Not much had changed in the traditional supply and distribution landscape for 50 or 60 years. Innovation was long overdue. But then came along digital business-to-business (eB2B) to revolutionise the way things are done.
An eB2B marketplace allows brands/producers to trade directly with multiple end customers or outlets, saving margin, simplifying the purchasing experience, speeding up the process, creating cost efficiencies and adding value.
For former sales rep Sam Ulph, now founder and CEO of StarStock, eB2B was an obvious solution to fragmented practices. “I’d walk into pubs, talk through the products but couldn’t conclude a sale because the publican had to go via a wholesaler rather than direct. It struck me as an incredibly inefficient use of time and cost.” And that was when the concept of StarStock — a platform that allows licensees to order food and drink stock directly from the brands that create them — was born. Today, businesses trade off the StarStock platform or set up their own platform using a StarStock ‘white label’ web shop.
Duncan Knight, partner in Digital and Customer Consulting at KPMG, says eB2B has gained momentum in the past five years or so. When manufacturers struggled to grow their field salesforce, digital engagement models took up the slack. “And then, through the COVID-19 pandemic, digital became the principal engagement model. And people who weren’t digital natives became digitally immersed and enjoyed the experience. So, eB2B evolved from a cost-to-serve engine to a growth engine. And now it’s a new revenue stream, with options for value-add services and data monetisation.”
“eB2B evolved from a cost-to-serve engine to a growth engine. And now it’s a new revenue stream, with options for value-add services and data monetisation.”
Duncan Knight, Partner
Digital and Customer Consulting, KPMG
Out with the old; in with the new
Some businesses that come to the eB2B marketplace are digitally mature. They have advanced payment capabilities and inhouse data and artificial intelligence competencies. But they must work on their relationships with both manufacturers and suppliers to establish themselves as credible players.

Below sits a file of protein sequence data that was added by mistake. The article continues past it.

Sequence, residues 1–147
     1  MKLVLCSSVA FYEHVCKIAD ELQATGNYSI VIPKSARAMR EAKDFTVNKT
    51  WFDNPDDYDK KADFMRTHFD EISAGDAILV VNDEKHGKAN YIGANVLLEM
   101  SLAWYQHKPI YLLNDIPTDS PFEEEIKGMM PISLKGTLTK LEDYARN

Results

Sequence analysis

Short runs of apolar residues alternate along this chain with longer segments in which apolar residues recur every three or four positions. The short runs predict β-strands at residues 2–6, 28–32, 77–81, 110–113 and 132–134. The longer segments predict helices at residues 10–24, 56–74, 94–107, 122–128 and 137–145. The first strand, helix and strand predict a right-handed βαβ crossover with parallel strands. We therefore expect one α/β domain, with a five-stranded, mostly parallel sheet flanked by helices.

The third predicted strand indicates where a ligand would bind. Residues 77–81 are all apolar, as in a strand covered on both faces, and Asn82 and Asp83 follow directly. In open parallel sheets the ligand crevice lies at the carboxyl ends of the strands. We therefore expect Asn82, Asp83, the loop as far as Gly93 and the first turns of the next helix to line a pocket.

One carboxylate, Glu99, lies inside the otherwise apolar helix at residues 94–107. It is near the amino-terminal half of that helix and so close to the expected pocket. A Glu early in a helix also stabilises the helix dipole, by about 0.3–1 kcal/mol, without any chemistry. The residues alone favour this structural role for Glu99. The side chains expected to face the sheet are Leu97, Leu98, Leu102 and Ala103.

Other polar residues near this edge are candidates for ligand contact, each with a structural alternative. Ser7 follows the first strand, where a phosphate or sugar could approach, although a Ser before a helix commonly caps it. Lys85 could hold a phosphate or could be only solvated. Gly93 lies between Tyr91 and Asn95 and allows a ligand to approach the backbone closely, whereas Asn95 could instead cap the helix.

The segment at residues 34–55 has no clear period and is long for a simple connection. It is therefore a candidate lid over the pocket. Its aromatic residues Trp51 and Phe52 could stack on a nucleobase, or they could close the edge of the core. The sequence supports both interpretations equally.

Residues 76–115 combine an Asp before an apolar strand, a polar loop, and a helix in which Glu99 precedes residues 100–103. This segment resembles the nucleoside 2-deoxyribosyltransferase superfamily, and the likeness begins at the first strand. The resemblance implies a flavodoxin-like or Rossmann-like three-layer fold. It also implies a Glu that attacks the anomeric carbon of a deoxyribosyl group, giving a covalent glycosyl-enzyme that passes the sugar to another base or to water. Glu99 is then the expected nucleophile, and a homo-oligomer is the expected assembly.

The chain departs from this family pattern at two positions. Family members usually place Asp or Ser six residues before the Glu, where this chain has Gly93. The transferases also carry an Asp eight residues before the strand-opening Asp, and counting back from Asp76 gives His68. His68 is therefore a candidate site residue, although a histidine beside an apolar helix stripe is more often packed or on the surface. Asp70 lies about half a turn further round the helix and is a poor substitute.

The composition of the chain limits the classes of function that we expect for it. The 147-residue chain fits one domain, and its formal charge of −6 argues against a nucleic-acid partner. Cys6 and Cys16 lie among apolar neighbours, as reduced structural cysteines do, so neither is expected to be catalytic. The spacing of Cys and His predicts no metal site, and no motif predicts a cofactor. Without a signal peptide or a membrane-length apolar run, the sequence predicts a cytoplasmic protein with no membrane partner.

Others — the traditional consumer packaged goods (CPG) businesses — have robust customer and trade relationships but may lack digital and online payment capabilities. They’re conflicted about whether to buy in these capabilities or to outsource them. They eye up acquisition opportunities, not just for their revenue streams but for the digital capabilities that sit behind the brands.
Ultimately, according to Sam, it is the “hunger” to get eB2B platforms up and running, to test and learn, to bring other stakeholders along on the journey that determines how well eB2B fits with corporate strategy. “If you just dip your toe into the eB2B water to see what happens, expect to fall in the middle,” he explains. “Without commitment, producers won’t discover what an eB2B platform can do that a traditional channel cannot.”
“If you just dip your toe into the eB2B water to see what happens, expect to fall in the middle. Without commitment, producers won’t discover that an eB2B platform can do what a traditional channel cannot.”
Sam Ulph, Founder and CEO,
Moving to an eB2B platform is, warns Duncan, like building new muscle and will have implications for the operating model. It might entail changes to customer incentives, contractual terms or the way in which traffic is directed to this new channel. There will be tax and legal implications too, especially across borders. And, of course, there is data and content to manage. These are not afterthoughts but critical to building, running and scaling an eB2B platform.
Key takeaway: When adopting eB2B, stakeholder alignment is essential. Take the business along on the journey with you, understand your capabilities and deficiencies, and don’t delay in addressing operational priorities that will accompany a shift to a new channel.